Be that as it may, I got to wondering about the provenance of this piece. It was likely painted by some artist who needed the money. That person somehow amassed enough money for paint, a canvas, brushes. He or she painted something, then found a buyer. This person was a Capitalist. That is all Capitalism is. If that person had hired two friends to paint with him, and managed the sales channel, so they had reliable markets, even more so.

Capitalism is nothing but getting money somehow, making something useful, and selling it. If it isn't useful to someone, it won't sell, so usefulness is built in.

I believe strongly that our global goal should be self employment--Capitalist status--for everyone.

Peace be upon you.

There are many good Muslims out there: I can feel them. There are also many cruel ones, who derive great satisfaction from sadistic violence in the name of God. Such a God is indeed not great.

That Islam can be turned to Goodness was shown by the Sufis. If it is a Goodness which wants to be insular and left alone by the world--a partial Goodness--I am fine with that. As long as they leave me and mine alone, we can share this planet happily.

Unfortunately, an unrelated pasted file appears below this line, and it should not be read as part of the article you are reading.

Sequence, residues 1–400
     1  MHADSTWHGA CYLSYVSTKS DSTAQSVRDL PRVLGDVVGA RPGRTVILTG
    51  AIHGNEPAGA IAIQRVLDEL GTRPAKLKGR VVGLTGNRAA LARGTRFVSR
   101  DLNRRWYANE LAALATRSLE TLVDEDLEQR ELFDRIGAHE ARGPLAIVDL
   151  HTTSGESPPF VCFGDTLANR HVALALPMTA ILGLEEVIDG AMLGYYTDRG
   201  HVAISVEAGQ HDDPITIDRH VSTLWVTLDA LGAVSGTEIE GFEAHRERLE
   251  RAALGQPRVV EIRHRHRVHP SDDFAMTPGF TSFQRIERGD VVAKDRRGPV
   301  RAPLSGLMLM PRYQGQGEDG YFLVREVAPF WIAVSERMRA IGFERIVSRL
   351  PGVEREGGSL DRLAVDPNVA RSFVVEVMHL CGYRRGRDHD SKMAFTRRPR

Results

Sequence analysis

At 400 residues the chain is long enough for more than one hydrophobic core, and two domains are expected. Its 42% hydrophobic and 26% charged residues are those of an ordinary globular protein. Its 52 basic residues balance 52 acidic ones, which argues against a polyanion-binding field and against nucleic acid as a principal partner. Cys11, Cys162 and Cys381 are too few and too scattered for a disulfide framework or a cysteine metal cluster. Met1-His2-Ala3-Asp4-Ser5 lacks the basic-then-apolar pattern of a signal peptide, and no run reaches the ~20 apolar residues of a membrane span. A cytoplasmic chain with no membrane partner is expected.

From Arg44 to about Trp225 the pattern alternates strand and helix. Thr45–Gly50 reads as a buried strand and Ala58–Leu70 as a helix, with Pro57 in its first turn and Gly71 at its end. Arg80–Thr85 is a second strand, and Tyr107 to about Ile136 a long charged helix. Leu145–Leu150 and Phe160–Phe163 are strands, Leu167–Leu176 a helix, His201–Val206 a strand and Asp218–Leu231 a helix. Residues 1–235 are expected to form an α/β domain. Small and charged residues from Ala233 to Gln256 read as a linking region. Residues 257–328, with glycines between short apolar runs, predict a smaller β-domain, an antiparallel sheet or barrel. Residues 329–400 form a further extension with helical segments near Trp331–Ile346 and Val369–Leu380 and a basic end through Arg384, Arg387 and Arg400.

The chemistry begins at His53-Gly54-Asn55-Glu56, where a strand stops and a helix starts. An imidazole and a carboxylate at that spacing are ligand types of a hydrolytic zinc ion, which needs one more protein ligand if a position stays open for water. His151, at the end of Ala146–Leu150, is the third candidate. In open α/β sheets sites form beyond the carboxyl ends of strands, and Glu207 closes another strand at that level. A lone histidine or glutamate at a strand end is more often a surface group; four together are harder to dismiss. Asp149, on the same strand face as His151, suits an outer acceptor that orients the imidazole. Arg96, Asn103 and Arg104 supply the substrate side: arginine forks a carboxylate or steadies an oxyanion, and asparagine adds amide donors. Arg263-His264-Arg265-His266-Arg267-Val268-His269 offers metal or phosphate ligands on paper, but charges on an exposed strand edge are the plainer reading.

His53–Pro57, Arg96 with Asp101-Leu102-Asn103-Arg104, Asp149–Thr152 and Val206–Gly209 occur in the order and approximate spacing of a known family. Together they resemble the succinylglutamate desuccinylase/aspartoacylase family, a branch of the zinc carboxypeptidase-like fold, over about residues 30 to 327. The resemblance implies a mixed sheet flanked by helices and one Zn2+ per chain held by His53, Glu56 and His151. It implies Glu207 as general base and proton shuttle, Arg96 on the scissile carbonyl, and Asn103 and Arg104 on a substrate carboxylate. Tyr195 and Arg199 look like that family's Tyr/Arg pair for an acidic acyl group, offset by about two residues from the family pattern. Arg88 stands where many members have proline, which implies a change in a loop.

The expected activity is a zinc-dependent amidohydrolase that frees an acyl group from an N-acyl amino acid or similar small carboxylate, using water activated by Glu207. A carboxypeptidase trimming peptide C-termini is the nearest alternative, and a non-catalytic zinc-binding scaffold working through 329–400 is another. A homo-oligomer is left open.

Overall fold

TError as a political tool has of course been used many times in history. If memory serves, it was the Chinese Qu regime that tried to destroy all learning not originating with their state, and which burned many scrolls and buried alive many scholars to accomplish this end.

In the modern world terror has been used most often and perfected by the creed which calls itself "Marxist-Leninism". As I understand the matter, Islamic terrorism can credibly be claimed to have originated in the minds of Soviet-bloc agitators. There is nothing in the Koran to justify it, and for his part Mohammad is at pains to denounce violence between Muslims. If the House of Peace becomes a House of War, then the point of the religion vanishes.